© St. Petersburg Times, published April 28, 2002
ST. PETERSBURG -- The grand lady of the St. Anthony's Triathlon -- and perhaps the entire sport -- has plenty left in her tank, mate.
In a race otherwise dominated by Americans, it was Australian Michellie Jones, a St. Anthony's legend and the most decorated female triathlete in history, who emerged in the final stage, the 6.2-mile run, to capture her sixth title Saturday. Her time of 2 hours, 1 minute, 57 seconds was 43 seconds ahead of Sheila Taormina.
Despite brutal heat and humidity (the race started at noon), Jones, 32, had the strength to prevail.
"These sort of conditions, there's no guarantee you're going to finish that 10K run," said Jones, who won St. Anthony's five consecutive times from 1994-98 and placed third last year. "This is the hottest it's been for a long, long time. In these conditions, you don't want to go too hard.
"Each race I've done this year, I've improved. I knew I had that mental edge in that respect. I knew each race I was getting better."
Jones' success at St. Anthony's helped catapult the race into the world's elite, and it became a world cup race last year.
"To come and win here six times, it's amazing," she said. "Each year, it's a challenge because people get better and better. There's something about this race. I always seem to give it something a little extra every time."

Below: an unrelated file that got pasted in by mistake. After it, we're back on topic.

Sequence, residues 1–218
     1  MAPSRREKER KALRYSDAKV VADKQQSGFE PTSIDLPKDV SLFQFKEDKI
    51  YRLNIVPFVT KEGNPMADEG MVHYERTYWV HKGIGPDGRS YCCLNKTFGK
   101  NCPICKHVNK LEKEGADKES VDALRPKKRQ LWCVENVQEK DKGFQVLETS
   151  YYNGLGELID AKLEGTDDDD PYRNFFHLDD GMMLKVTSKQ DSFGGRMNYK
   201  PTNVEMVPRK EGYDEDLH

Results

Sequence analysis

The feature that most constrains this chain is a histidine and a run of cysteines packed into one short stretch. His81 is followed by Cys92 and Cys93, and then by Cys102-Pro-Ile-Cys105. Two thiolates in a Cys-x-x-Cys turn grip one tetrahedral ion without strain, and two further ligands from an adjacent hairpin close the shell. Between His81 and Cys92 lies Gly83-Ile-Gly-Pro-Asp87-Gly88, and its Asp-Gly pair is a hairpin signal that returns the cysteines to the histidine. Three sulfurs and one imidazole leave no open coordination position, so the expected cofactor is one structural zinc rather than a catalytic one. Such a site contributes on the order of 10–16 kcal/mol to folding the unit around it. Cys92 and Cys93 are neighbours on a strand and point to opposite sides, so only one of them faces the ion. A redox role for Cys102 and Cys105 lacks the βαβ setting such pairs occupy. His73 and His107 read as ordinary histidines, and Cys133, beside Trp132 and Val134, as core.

The race took shape at the start of the bike, when five women broke away in a drafting pack. Jones and four Americans (world No.3-ranked Barb Lindquist, 2000 champion Joanna Zeiger, North Palm Beach's Laura Reback and Taormina) gradually extended their lead over a pack of 15.
But two in the lead group were suffering by the latter portion of the 24.8-mile, eight-lap circuit. Reback struggled to hold the draft, and Zeiger, the 2001 runner-up, battled asthma problems.
Adding to the plot was the presence in the second pack of defending champion Carol Montgomery, a former Canadian Olympic runner. She scorched the run last year, clocking a 34:02 to surge from far behind and win. At the start of the run, Jones took the lead, with Lindquist, Taormina, Zeiger and Reback following. Montgomery began the run 2:45 behind, but her fitness (she's recovering from a broken fibula sustained while training Sept.11.) wasn't up to her superlative standards. She had the fourth-fastest run (37:35) but didn't threaten the leaders and finished sixth.
Jones, who lives near San Diego and has trained in the United States since 1991, slowly pulled away, opening a 20-second gap on Lindquist by the midpoint. Taormina found her stride during the final few miles and passed Lindquist for second in 2:02:40. Lindquist was third in 2:02:59.
Brazilian Carla Moreno, who had the second-fastest run, was fourth in 2:03:47. Zeiger took fifth in 2:04:24.
For Taormina, 32, of Livonia, Mich., it was atonement. A swim specialist who won a gold medal in the 4x400 at the 1996 Olympics, she had a humbling St. Anthony's debut in 1999. After surging into the lead on the bike, she fell to fifth on the run before collapsing 200 yards from the finish. "Instead of redemption, it's more like, "Oh good, I'm finally figuring this sport out,"' Taormina said. "This is probably the best I've ever felt in the heat in my life."
Taormina and Lindquist had a disagreement with Jones. Taormina said Jones didn't pull her weight in trying to help the group extend its lead on the bike. "A two-minute cushion (heading into the run) is fine for her but not for us," Taormina said. "I'd like to see her be a little bit more of a team player."